The single-servo autofocus system on the Panasonic S1R is one of the best on the market. It’s rated down to -5 EV (f/2 lens at ISO 100), which is even lower than that of the Canon EOS R (-4.5 EV), Nikon Z (-4 EV), and Sony A7R IV (-3 EV). In practice, it lived up to that claim. Low contrast, low light, you name it – the S1R focused exceptionally well in AF-S mode.
Like the Nikon Z cameras, Panasonic engages a “Low Light AF” in dark conditions that uses long shutter speeds to gather as much light as possible and focus accurately. However, Panasonic’s doesn’t engage nearly as often as Nikon’s; it needs to be much darker before it does. And in the darkest of environments, when cameras like the Nikon Z system have given up, the S1R still manages to nail focus:
This is great for shooting in ultra-low light conditions, such as Milky Way photography. Even in brighter environments, though, there’s much to be said about the S1R’s AF-S speed and accuracy.
Sure, head to head against a high-end DSLR with a fast-focusing lens, the S1R is a bit slower. However, compared to most mirrorless cameras, it comes out ahead. For example, the Nikon Z7 tends to hunt back and forth briefly before locking focus; the Panasonic S1R usually slides into focus directly instead.
For landscapes and other non-moving scenes, you won’t be disappointed with the S1R’s autofocus system at all.
AF-C Performance – With and Without Tracking
The Panasonic S1R is not advertised as an action camera. However, it’s not terrible in that department, either. It shoots 9 FPS at full resolution, though only 6 FPS if you need continuous focus. Beyond that, its 225-point autofocus system has a very useful (and effective) “Face/Eye/Body/Animal Detect” mode that identifies and lets you track a specific subject across the frame.
Although I don’t think that action photographers are the audience for the Panasonic S1R, it actually manages very impressive AF-C capabilities. I’ll get to that in a moment, but first note that AF-C on the S1R doesn’t engage in very low light conditions. For example, when taking the photo below, I wanted to shoot AF-C (because I was in a slow-moving cab). But the S1R refused, focusing with AF-S instead. I still got the shot, but it was a bit irritating.
When AF-C does engage, though – i.e., in decent lighting conditions – it does very well tracking your subject across the frame. I would rate it a notch better than the Nikon Z or Canon R, even in the standard “Tracking” mode. (The “Face/Eye/Body/Animal Detect” is even better still.)
Even though I personally am not much of an action shooter, I still use AF-C for handheld macro photography and close-ups. In the photo below, the S1R had no trouble identifying the spot I wanted on the spider web, then following it as I moved around my composition. This was very impressive behavior given the similarities of the background pattern.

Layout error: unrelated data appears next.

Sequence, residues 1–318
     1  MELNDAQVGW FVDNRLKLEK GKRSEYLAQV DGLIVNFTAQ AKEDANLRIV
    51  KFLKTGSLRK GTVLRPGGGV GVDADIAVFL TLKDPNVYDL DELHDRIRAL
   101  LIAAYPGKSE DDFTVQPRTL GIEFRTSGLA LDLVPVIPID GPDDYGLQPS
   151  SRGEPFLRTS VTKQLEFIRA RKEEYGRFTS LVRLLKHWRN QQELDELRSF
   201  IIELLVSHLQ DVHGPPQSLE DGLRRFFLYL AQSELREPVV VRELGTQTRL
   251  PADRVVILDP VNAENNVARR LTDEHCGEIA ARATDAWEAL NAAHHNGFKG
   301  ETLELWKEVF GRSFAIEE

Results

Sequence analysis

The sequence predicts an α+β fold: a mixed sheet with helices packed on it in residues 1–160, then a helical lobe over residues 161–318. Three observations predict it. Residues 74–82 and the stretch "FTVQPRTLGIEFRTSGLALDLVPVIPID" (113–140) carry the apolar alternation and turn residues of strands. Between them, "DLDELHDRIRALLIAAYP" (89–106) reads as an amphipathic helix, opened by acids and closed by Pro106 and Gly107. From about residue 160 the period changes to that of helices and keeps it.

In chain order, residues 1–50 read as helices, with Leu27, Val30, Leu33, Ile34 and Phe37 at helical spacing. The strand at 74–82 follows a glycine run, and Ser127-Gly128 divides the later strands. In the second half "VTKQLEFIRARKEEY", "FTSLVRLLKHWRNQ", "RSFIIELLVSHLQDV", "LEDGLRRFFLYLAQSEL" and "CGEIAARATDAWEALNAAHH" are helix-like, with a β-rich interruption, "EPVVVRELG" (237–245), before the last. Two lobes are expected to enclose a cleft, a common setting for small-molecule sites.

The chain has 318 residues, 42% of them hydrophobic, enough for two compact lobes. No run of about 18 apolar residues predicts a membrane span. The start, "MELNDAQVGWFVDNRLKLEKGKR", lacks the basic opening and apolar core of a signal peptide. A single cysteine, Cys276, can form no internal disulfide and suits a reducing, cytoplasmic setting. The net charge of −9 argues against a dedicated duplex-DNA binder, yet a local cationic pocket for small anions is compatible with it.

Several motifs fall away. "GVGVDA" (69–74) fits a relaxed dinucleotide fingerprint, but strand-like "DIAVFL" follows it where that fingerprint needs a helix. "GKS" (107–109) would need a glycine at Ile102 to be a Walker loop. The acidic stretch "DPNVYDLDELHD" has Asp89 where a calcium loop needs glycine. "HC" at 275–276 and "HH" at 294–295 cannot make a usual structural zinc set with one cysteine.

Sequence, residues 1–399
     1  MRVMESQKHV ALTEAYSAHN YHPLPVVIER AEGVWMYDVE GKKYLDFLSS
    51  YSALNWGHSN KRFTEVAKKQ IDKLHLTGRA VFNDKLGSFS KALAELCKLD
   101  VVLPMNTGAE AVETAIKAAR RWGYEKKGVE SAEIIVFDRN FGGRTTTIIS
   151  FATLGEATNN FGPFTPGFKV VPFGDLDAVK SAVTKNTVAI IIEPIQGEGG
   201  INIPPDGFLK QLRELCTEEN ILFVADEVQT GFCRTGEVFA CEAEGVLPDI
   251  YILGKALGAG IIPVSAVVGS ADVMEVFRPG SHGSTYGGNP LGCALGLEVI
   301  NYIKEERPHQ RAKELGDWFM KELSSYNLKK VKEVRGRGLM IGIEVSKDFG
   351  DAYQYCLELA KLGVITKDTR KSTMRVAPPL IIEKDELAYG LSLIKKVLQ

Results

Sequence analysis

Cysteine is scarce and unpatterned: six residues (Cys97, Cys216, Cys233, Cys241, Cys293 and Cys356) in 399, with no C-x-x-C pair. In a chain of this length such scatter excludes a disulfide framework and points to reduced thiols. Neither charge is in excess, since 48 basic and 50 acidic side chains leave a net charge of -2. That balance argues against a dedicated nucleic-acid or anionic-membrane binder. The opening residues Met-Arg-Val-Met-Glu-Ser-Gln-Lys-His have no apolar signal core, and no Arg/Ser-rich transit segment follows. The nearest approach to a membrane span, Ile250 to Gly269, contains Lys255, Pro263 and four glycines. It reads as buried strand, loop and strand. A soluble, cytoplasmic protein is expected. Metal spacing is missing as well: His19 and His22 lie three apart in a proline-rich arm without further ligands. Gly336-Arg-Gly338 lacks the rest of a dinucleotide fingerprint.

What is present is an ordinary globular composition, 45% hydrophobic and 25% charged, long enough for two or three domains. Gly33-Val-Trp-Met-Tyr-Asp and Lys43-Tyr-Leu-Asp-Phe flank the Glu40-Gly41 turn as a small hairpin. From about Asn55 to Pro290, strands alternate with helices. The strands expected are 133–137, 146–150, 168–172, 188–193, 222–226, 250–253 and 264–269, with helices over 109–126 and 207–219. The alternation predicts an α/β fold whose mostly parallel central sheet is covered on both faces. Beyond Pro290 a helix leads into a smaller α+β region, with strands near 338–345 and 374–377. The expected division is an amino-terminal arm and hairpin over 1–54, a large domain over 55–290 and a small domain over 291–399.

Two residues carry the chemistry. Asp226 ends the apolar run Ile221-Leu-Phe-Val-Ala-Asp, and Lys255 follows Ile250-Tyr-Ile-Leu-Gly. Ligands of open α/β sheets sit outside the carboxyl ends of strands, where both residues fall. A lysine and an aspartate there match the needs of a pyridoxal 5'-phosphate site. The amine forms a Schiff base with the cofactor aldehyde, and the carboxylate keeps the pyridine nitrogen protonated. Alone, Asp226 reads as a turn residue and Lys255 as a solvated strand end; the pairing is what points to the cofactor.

As for the “Face/Eye/Body/Animal Detect” mode, I found it to be invaluable when photographing people. Even in low light conditions, when AF-C did not engage, this mode allowed me to capture sharp photos every time. During the performance below, I didn’t get a single out-of-focus shot, despite the extremely dark environment:
I wouldn’t rate the S1R’s manual focus capabilities as highly as on some other cameras.
One of the biggest issues is that the S1R only lets you magnify focus in live view to 6x. That’s just not enough in every circumstance, especially something very demanding like Milky Way photography. To make matters worse, reviewing images in-camera maxes out at 8x magnification – and even that is unnecessarily pixelated! It all combines to make things very difficult if you need millimeter-level precision manual focus.
I’ll also note that, like most mirrorless cameras, the S1R uses focus-by-wire. To me, this is not as ergonomically reassuring as a mechanical system where turning the focus ring directly moves the lens’s elements. Not everyone agrees, but if focus-by-wire bothers you, make sure you’re aware of what you’re getting into.
On the bright side, the S1R’s focus peaking system works extremely well, especially in combination with the S1R’s extremely high resolution EVF. If you need to focus manually, I definitely recommend enabling this option.
At the time it came out, at 47 megapixels, the S1R was the highest resolution full frame mirrorless camera available. It’s since been surpassed by the 61-megapixel Sony A7R IV, but 47 megapixels is still more than most. On paper, it looks poised for class-leading image quality.
But how does it perform in the real world, in terms of things like high ISO noise and dynamic range? I’ve tested the S1R head to head against two of its biggest competitors, the Nikon Z7 and Sony A7R IV. The results are below.
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